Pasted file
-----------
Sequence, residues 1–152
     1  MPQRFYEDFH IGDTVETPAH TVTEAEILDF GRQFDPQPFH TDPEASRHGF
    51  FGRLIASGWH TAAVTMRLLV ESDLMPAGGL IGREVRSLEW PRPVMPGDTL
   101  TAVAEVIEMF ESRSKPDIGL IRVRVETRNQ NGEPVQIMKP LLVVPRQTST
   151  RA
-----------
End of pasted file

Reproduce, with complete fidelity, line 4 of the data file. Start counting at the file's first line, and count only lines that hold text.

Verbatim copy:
   101  TAVAEVIEMF ESRSKPDIGL IRVRVETRNQ NGEPVQIMKP LLVVPRQTST